Among those projects, besides the BGNO and EAE, are the Aurora Trio with drummer Ramon López and bassist Guy; EFG, a trio with trumpeter Peter Evans and saxophonist Mats Gustafsson; and Trio Local with saxophonist Liba Villavecchia and the late sampler player Joan Saura; plus many solo concerts. “I prefer to work in long-term groups because with them you can go deeper in your quest and refine your common artistic approach,” Fernández reveals. His interest in electro-acoustic environments remains as well, which will result in an upcoming CD with electronics manipulator Joel Ryan. Additionally Catalan composer Hèctor Parra is writing a one-hour solo piano piece to feature Fernández, to be premiered in November 2013.
While he concedes that his playing reflects his background he disagrees with those who insist on the demarcation between European and North-American improvisers. “As an improviser, my roots are in what is called the first generation of European improvisers: Derek Bailey, Evan Parker, Peter Kowald, Alex von Schlipenbach, Fred van Hove, etc. These are the musicians who invented the music we play nowadays: my tradition. Of course, jazz has been and still is, a big influence, in the sense that I listen to a lot of jazz, old and new. But it’s not the only source, and not the main one. Besides improvisation, I listen to contemporary music, electronic music, ethnic music, popular music, anything. There is something in every music that may influence the way I play, even if unconsciously. The African pygmies or [alto saxophonist] Christine Sehnaoui, there’s no difference for me, it’s just great music.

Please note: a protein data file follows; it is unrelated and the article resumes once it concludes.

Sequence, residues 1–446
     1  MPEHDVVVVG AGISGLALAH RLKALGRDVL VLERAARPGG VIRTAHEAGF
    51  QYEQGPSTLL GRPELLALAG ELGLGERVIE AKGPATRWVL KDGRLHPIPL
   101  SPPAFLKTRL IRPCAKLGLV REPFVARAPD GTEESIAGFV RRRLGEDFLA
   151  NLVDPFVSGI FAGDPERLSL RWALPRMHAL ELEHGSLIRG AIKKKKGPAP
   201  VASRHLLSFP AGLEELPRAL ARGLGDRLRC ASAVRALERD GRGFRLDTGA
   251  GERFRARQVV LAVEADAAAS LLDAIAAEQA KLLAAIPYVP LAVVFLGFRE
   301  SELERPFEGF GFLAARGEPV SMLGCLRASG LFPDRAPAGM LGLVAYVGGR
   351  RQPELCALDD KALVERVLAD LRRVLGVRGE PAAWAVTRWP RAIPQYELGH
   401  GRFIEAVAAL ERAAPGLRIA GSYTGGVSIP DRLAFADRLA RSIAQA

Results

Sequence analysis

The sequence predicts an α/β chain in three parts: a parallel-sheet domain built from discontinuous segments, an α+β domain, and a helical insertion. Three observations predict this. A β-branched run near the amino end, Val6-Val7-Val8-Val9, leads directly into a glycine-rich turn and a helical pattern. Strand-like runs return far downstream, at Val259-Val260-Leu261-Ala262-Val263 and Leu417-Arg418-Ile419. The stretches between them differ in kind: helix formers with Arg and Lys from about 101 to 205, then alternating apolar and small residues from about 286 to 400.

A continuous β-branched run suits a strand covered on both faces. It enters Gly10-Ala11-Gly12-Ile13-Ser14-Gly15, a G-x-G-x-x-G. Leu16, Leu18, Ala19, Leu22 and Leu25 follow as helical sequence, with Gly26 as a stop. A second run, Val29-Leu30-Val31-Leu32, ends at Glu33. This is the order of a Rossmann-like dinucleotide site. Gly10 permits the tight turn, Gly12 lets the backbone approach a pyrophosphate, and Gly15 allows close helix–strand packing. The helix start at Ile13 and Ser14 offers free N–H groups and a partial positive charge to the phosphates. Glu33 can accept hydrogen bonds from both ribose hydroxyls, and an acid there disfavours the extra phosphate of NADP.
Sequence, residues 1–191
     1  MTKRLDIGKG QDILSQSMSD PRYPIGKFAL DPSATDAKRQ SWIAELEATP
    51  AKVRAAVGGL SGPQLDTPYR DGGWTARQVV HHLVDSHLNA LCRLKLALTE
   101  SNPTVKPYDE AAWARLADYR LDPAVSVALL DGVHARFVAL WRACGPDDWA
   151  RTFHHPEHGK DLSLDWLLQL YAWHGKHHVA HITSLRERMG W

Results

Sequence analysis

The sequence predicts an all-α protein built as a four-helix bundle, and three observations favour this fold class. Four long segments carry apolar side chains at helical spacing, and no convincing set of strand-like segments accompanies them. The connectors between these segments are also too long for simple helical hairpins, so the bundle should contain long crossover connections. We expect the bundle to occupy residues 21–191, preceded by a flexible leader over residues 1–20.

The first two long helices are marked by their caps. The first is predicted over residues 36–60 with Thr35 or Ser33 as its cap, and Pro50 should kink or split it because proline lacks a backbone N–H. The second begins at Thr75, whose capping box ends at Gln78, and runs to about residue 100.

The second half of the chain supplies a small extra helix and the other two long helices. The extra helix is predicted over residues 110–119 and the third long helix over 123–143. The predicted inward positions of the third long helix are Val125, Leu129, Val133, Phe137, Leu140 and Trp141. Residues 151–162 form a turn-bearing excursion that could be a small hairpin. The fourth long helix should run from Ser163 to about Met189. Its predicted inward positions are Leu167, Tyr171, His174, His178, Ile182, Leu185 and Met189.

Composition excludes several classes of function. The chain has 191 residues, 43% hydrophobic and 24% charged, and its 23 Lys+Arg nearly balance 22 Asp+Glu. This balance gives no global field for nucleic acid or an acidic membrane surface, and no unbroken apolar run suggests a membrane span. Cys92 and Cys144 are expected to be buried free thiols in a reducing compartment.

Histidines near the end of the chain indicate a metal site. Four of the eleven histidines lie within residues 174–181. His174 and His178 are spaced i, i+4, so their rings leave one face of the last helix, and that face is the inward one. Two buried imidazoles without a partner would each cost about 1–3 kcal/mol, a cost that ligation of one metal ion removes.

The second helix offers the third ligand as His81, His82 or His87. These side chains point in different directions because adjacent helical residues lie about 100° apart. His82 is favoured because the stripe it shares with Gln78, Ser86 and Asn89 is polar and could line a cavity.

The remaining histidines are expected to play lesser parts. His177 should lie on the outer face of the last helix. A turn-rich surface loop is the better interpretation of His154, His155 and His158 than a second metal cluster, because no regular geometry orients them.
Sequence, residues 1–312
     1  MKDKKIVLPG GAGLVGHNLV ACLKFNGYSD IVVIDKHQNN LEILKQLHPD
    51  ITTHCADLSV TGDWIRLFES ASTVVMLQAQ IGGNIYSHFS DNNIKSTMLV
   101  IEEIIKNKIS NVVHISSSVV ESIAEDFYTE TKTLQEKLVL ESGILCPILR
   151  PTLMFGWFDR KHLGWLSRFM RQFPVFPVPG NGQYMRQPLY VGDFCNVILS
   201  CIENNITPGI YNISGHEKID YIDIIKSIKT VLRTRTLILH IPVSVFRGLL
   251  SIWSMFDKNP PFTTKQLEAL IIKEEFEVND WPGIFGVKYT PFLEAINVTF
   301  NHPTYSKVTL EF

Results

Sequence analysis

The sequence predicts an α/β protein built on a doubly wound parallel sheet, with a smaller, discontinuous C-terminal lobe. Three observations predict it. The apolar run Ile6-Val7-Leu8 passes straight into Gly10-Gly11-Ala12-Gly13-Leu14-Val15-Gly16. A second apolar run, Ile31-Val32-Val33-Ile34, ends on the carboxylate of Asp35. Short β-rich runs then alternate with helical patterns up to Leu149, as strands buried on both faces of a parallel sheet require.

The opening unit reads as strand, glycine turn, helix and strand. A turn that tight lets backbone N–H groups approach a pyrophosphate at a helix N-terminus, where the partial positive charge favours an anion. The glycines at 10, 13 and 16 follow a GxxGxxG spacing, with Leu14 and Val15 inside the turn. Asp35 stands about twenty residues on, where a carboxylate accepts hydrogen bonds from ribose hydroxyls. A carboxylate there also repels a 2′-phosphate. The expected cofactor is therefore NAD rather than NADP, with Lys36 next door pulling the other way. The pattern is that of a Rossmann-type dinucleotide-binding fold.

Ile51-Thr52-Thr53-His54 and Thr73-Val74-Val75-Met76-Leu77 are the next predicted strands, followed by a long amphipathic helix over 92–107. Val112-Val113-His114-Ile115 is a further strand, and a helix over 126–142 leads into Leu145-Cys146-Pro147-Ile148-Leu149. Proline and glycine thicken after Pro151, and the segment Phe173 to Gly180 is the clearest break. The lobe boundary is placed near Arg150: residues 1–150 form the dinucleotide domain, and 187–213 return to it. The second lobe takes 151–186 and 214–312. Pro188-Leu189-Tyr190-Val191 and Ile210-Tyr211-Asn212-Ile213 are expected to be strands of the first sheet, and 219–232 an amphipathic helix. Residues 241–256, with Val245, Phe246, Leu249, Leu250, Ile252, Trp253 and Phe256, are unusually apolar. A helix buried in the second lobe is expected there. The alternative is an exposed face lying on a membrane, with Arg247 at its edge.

“I also don’t think there is a significant difference between American and European improv,” he adds. “When I’m playing with Joe Morris or Peter Evans, let’s say, it’s not much different than when I'm playing with Mats Gustafsson or Barry Guy. The music may be completely different, but not because they’re Americans or Europeans, but because they’re different people from different backgrounds, generations, countries and lives.”
Similarly he dismisses the idea of his being a particular Spanish or Catalan style of improvisation. “Only nuances or hues and the way in which I approach the musical fact may relate to that. But I really don't think of my playing as Spanish, or European. It’s just something that I am.”
Agustí Fernández – 1 is not 1 (Nova Era 1998)
Agustí Fernández & Derek Bailey – Barcelona (Hopscotch 2002)
Barry Guy New Orchestra – Oort /Entropy (Intakt 2005)
Agustí Fernández, Barry Guy & Ramón López – Aurora (Maya Recordings 2006)
Joe Morris & Agustí Fernández – Ambrosia (RITI 2011)
Evan Parker Electroacoustic Ensemble – Hasselt (psi 2012)
Agustí Fernández - Pianoactivity – One (Sirulita 2012)
—For The New York City Jazz Record January 2013